Imagine that we’re going upstairs to get our keys and forget that it is the keys we came for as soon as we enter the bedroom. Psychologically, what has happened is that the plan (“Keys!”) has been forgotten even in the middle of implementing a necessary part of the strategy (“Go to bedroom!”).
Probably the plan itself is part of a larger plan (“Get ready to leave the house!”), which is part of plans on a wider and wider scale (“Go to work!”, “Keep my job!”, “Be a productive and responsible citizen”, or whatever).
Each scale requires attention at some point.
Somewhere in navigating this complex hierarchy the need for keys popped into mind, and like a circus performer setting plates spinning on poles, your attention focussed on it long enough to construct a plan, but then moved on to the next plate (this time, either walking to the bedroom, or wondering who left their clothes on the stairs again, or what you’re going to do when you get to work or one of a million other things that it takes to build a life).
And sometimes spinning plates fall.
Our memories, even for our goals, are embedded in webs of associations. That can be the physical environment in which we form them, which is why revisiting our childhood home can bring back a flood of previously forgotten memories, or it can be the mental environment – the set of things we were just thinking about when that thing popped into mind.
The Doorway Effect occurs because we change both the physical and mental environments, moving to a different room and thinking about different things.
That hastily thought up goal, which was probably only one plate among the many we’re trying to spin, gets forgotten when the context changes.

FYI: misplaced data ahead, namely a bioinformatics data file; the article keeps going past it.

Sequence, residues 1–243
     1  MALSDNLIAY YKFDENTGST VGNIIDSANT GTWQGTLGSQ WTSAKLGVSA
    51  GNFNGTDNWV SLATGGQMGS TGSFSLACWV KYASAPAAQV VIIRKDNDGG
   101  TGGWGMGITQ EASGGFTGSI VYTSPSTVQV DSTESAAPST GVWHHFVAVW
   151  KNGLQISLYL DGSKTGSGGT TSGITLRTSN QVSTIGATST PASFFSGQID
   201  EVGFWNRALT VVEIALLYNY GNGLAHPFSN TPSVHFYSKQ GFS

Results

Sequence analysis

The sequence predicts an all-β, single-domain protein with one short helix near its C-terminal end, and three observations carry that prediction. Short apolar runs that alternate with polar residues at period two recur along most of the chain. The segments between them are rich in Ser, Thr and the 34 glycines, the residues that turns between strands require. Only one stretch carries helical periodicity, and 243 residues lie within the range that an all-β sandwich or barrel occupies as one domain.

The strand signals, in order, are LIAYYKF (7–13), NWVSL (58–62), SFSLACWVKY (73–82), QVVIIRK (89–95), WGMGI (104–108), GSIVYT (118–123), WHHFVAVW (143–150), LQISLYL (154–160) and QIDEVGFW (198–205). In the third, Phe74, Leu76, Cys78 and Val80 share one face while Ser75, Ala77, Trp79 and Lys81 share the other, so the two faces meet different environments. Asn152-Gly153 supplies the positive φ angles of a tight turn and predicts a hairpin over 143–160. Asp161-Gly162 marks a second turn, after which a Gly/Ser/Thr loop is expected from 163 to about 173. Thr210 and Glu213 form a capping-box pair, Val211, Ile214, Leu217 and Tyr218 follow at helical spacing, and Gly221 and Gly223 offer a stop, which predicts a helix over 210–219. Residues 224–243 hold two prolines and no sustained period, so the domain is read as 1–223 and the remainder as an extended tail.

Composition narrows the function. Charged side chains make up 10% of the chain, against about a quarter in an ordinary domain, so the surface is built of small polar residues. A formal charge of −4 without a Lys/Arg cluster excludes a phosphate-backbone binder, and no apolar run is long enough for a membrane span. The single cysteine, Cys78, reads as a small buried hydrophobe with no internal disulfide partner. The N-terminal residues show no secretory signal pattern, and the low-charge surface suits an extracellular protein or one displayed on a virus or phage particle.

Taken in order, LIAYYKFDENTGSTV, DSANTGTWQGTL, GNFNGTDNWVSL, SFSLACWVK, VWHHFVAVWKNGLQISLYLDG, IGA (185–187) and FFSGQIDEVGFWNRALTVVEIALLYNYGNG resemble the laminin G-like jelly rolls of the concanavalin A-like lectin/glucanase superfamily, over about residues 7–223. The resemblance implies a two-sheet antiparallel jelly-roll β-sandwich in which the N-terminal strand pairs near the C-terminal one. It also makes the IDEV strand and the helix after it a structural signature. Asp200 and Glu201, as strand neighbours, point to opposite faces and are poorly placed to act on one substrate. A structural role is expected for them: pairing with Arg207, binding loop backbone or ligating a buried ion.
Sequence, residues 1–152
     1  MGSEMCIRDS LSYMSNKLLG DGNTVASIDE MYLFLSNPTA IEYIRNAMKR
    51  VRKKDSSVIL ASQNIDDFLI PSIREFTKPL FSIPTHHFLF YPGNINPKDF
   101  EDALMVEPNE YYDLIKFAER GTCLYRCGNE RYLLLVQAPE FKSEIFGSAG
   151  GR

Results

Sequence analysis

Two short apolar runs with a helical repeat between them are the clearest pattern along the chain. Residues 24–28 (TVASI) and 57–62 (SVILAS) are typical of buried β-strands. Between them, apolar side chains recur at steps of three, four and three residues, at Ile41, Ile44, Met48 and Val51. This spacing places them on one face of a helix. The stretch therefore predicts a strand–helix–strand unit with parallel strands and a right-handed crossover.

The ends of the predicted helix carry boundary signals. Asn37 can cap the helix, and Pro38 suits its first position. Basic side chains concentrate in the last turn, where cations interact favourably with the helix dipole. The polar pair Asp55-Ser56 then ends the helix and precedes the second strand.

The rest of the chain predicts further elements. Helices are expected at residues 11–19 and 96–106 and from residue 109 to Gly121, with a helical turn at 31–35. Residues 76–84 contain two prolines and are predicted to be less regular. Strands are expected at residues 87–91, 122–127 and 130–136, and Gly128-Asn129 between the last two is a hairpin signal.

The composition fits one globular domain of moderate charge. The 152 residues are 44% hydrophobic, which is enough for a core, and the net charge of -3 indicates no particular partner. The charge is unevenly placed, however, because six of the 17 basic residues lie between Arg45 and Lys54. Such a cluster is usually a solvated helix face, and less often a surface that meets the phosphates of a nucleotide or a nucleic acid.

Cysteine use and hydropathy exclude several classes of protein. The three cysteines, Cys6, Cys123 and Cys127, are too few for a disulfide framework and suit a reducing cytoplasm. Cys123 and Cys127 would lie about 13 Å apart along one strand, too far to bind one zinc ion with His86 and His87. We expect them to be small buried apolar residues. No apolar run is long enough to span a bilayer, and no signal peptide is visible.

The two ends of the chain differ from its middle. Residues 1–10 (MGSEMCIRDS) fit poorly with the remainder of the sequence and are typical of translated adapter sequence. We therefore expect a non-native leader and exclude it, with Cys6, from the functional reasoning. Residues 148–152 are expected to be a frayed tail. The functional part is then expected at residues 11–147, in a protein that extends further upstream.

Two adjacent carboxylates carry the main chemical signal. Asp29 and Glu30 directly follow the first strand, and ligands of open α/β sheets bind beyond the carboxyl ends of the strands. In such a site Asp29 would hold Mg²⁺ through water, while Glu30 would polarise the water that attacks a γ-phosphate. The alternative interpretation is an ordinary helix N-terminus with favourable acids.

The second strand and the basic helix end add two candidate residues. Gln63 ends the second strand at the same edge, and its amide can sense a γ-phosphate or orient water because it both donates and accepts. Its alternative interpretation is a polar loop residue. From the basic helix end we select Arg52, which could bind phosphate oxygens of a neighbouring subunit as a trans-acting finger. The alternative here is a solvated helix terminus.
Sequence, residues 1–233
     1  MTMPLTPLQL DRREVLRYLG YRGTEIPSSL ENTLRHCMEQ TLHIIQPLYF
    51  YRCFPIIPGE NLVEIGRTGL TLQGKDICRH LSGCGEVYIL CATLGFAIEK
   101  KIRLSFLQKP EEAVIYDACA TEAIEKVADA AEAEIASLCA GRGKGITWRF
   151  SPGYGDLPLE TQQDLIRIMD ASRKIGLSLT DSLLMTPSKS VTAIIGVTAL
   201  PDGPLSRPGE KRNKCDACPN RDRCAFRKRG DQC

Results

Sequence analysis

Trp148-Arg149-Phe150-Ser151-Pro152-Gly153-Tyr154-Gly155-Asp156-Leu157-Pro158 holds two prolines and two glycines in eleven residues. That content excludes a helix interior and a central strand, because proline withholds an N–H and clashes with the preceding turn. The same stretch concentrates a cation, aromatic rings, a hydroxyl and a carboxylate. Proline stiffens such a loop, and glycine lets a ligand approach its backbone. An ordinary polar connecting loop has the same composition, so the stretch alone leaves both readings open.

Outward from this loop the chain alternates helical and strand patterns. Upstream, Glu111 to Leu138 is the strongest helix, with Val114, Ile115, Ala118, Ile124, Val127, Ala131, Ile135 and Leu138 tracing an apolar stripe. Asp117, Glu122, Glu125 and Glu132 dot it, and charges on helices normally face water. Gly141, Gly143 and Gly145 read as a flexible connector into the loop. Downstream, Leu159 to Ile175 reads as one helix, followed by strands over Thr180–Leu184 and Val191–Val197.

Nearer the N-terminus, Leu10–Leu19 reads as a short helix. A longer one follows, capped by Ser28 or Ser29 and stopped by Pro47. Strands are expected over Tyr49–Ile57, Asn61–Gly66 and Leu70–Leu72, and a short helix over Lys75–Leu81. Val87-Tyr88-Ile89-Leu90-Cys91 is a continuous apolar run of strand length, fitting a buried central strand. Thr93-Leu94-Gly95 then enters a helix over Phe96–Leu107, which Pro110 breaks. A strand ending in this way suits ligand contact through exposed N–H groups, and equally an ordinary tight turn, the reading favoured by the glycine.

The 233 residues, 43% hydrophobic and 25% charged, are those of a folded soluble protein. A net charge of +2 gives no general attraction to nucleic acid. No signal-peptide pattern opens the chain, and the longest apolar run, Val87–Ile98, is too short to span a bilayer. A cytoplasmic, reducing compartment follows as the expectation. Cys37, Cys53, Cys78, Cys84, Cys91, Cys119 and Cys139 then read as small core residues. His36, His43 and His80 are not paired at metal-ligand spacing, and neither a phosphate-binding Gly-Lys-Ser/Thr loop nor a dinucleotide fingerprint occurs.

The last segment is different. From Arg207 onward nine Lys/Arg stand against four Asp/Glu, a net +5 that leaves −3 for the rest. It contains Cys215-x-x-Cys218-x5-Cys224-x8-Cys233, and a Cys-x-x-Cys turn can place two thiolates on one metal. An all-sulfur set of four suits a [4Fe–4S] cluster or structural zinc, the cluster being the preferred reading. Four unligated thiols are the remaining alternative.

It’s a window into how we manage to coordinate complex actions, matching plans with actions in a way that – most of the time – allows us to put the right bricks in the right place to build the cathedral of our lives.
Sometimes it happens, not only entering a room but also doing something or the other one gets feeling of a loosing attention. Its manageable, and the cognitive switching penalty is the best option.
The Cognitive Switching Penalty is an experience you feel when switching your attention from one subject to another. Your brain takes some time in loading and reloading again the related contexts. Neurologically speaking, multitasking is not that easy. You are not really performing a multi tasks, rather you’re switching your focus from one thing to the other.
To avoid unproductive switching, it’s good to coupled similar tasks together and sort them out based on the set priorities, this way you can facilitate your brain as it requires loading the context into working memory only once.
In the Bond University experiment, participants used VR headsets to move through computer-generated 3D rooms and asked to remember objects from one room to the next. They did well until the researchers added in the additional task of counting backward while they moved around. According to assistant professor Olver Bauumann, this proves that “the doorway effect only occurs if we are cognitively in a vulnerable state
”So there you have it. You’re not crazy. You’ve just got too much crap going on to remember where you put your keys.
Thanks for Reading